Nov. 21 (Bloomberg) -- Former Homeland Security Secretary Michael Chertoff said the U.S. government must work more closely with companies to protect computer networks from cyber-attacks.
“If we see something coming across our network, we ought to share it as widely as possible,” Chertoff said today at “The Year Ahead: 2014,” a conference in Chicago hosted by Bloomberg LP. “If we don’t do that, we are giving the adversary an opportunity” to penetrate sensitive systems.
Increased involvement by companies is needed because “most of the networks are privately owned,” he said in an interview with Erik Schatzker of Bloomberg Television.
Chertoff, who served under President George W. Bush, said government requests for computer records from U.S. companies can be “used in a way to kind of put American companies on the defensive” because of the perception that it can be easier to do work overseas to protect privacy.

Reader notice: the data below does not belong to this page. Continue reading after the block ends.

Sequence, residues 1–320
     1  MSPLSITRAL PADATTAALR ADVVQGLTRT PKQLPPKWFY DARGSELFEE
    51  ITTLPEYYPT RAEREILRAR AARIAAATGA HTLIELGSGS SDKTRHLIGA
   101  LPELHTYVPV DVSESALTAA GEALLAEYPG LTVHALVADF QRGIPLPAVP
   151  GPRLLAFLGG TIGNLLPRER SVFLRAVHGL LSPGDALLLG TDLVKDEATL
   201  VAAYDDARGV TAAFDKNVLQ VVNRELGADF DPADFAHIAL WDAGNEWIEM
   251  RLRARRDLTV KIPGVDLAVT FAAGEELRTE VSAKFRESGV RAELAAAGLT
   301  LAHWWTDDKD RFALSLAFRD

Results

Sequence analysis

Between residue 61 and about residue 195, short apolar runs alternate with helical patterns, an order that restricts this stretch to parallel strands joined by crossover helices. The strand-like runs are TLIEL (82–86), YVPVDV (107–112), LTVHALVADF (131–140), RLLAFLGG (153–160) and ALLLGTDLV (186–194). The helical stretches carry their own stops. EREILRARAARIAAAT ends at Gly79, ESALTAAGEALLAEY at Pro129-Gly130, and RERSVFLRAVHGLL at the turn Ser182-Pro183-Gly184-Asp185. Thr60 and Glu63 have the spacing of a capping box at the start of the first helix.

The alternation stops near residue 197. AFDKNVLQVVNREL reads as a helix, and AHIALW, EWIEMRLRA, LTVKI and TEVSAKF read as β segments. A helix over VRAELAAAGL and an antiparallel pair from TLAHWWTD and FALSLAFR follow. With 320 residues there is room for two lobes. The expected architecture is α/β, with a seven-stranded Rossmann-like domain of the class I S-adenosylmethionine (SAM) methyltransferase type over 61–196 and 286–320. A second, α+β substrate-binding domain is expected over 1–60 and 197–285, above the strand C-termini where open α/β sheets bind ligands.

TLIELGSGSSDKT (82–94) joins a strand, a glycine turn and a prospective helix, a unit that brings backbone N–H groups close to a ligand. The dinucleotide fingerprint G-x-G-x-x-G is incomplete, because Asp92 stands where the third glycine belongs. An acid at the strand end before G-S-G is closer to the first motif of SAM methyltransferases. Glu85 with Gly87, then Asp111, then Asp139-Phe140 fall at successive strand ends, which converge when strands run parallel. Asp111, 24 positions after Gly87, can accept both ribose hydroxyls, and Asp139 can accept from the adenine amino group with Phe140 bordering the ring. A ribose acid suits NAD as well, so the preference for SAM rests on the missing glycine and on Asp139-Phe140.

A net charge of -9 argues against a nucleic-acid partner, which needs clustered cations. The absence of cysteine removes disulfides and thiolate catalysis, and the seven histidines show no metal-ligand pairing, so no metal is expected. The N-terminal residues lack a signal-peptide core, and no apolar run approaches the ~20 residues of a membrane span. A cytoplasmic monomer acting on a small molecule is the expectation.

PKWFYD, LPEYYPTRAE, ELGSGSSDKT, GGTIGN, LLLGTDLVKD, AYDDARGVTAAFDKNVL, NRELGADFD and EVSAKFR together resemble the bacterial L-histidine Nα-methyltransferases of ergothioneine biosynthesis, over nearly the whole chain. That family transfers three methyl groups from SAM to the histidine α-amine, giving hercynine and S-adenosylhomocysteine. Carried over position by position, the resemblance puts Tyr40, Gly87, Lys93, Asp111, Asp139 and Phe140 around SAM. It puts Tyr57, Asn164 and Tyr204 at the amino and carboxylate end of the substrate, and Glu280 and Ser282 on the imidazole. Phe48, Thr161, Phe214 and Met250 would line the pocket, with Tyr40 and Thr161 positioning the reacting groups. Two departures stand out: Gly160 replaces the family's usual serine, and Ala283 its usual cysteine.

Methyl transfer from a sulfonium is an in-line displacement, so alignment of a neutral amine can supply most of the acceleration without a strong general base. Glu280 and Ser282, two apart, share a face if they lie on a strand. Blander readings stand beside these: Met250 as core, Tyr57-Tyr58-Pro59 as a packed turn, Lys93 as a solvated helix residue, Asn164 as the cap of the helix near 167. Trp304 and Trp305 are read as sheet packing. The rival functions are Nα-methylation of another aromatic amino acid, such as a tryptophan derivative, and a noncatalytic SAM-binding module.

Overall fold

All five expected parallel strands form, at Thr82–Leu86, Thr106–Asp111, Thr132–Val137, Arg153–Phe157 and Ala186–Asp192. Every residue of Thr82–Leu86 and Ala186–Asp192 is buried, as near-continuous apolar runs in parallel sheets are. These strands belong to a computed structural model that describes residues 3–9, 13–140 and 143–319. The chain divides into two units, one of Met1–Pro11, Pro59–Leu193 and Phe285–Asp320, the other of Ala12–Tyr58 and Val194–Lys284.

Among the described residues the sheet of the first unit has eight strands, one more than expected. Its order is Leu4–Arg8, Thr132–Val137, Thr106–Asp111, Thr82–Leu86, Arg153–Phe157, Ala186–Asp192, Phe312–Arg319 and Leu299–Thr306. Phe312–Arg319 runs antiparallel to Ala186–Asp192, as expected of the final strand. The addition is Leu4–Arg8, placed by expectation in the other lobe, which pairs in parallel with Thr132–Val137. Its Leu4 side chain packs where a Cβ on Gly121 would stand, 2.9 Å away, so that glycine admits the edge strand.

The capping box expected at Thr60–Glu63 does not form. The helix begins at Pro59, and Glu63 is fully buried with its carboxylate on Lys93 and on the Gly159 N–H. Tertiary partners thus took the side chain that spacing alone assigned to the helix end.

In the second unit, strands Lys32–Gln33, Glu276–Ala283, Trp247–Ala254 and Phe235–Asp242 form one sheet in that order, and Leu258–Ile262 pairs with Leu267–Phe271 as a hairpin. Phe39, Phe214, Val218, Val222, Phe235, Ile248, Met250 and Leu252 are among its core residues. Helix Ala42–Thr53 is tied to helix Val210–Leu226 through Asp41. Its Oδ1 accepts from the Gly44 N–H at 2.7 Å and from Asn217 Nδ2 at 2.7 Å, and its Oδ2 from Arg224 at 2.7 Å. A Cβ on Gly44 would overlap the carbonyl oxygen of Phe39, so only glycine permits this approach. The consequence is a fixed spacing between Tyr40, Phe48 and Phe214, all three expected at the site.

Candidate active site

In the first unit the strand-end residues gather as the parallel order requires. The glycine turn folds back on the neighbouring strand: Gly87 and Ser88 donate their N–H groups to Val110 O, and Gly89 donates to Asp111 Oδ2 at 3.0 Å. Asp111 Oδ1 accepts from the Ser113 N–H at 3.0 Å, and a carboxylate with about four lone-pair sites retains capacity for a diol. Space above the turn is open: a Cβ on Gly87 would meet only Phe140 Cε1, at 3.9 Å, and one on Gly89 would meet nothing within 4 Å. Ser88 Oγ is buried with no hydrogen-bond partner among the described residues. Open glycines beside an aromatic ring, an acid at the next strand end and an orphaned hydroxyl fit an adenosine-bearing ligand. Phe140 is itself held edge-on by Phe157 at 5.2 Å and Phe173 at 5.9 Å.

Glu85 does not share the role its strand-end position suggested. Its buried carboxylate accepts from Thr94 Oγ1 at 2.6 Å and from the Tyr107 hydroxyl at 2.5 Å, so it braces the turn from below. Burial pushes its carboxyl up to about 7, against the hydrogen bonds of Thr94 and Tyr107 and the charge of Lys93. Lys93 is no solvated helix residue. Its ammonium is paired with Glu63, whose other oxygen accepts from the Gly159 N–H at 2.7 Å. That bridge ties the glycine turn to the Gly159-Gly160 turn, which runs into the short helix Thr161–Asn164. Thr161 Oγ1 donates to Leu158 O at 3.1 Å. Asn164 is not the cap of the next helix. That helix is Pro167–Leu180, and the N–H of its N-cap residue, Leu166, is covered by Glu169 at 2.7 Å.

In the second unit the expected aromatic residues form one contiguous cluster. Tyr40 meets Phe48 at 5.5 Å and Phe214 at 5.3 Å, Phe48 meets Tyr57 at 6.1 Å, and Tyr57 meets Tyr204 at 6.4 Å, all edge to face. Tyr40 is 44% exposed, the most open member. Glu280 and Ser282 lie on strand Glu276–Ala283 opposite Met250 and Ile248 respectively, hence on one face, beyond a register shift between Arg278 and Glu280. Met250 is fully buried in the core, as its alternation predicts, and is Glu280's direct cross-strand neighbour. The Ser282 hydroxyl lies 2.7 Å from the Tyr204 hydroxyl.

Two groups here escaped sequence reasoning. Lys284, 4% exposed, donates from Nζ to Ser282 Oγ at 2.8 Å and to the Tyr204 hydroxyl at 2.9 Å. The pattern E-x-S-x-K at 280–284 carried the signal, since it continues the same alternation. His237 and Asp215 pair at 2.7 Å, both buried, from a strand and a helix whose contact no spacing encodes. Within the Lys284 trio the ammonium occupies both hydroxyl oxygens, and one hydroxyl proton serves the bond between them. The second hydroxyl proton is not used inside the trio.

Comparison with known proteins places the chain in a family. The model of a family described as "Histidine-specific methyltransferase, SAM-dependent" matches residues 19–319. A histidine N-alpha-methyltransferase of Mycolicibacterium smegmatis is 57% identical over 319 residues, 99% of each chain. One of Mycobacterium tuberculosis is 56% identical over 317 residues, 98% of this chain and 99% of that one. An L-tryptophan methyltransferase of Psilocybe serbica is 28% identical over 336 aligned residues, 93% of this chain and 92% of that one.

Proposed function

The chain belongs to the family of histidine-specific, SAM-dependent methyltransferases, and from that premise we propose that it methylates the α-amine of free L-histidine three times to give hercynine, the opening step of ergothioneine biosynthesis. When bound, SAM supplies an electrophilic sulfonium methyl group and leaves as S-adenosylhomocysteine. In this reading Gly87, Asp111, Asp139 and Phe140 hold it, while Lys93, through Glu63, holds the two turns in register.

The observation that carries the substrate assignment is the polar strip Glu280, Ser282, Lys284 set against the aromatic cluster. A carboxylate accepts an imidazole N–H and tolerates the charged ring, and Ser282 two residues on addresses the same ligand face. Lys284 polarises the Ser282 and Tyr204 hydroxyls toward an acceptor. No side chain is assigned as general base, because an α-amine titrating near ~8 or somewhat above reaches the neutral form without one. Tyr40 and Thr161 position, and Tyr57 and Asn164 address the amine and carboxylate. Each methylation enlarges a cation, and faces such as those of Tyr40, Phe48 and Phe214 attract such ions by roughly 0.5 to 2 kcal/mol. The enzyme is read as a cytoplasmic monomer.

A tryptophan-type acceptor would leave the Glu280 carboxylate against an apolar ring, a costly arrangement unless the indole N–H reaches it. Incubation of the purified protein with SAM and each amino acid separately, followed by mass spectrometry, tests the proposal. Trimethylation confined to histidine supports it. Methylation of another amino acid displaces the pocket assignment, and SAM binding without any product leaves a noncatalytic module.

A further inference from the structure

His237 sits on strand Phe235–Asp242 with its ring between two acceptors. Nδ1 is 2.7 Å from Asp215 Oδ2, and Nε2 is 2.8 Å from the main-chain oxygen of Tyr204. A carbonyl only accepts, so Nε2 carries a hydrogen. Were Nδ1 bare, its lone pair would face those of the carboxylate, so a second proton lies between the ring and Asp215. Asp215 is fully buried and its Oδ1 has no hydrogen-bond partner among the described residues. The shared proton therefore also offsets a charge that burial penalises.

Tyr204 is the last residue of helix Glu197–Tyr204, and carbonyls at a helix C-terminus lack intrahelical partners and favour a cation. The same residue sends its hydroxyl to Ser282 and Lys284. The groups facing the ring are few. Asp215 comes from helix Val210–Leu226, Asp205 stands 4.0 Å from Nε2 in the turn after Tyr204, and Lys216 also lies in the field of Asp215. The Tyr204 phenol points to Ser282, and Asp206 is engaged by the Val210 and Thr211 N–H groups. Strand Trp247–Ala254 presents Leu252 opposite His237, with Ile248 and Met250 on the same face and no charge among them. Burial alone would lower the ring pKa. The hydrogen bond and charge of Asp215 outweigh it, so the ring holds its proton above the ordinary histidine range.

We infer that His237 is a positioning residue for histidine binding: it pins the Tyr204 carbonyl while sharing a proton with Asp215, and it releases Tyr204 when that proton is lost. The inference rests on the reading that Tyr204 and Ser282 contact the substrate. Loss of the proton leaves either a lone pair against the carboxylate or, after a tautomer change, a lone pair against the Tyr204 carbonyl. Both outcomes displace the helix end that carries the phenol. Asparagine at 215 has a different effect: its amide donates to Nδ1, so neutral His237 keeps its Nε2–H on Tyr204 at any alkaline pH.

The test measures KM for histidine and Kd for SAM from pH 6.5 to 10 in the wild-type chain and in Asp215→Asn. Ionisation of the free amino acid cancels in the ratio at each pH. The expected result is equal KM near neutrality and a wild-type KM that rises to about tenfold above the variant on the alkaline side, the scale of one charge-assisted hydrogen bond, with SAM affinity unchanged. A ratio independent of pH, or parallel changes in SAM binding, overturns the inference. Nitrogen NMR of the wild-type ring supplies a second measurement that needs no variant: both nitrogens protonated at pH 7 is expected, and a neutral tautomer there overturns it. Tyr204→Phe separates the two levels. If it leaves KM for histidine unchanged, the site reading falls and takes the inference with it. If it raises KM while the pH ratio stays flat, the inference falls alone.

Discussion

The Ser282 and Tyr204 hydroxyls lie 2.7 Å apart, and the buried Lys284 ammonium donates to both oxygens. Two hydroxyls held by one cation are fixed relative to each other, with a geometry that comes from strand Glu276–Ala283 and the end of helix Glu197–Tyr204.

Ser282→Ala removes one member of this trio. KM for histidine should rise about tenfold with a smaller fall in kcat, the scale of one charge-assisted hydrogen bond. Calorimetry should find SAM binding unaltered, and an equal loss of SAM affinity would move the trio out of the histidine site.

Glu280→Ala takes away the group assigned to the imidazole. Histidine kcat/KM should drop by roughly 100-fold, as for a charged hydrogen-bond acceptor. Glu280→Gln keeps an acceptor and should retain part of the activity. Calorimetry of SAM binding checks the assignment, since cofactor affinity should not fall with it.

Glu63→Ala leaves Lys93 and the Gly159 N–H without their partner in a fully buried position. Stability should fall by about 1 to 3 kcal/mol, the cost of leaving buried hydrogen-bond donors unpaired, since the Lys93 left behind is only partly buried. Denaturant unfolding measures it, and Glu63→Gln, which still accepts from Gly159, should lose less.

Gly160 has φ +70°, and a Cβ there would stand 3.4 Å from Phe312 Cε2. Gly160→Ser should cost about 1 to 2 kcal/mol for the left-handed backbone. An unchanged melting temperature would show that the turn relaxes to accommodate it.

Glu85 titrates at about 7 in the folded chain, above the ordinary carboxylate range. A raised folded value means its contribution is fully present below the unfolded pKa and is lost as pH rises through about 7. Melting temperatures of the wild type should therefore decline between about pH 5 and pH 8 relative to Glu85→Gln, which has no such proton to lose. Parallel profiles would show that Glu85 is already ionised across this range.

Asked about terrorist threats to the U.S., Chertoff said “low-level” incidents are likelier than another assault on the scale of the Sept. 11 attacks that killed almost 3,000 people.
Chertoff, 59, is the co-founder and managing principal of the Chertoff Group in Washington, which advises corporate and government leaders on security issues.
Before heading Homeland Security from 2005 to 2009, Chertoff was a judge on the U.S. Court of Appeals. He also was a federal prosecutor.
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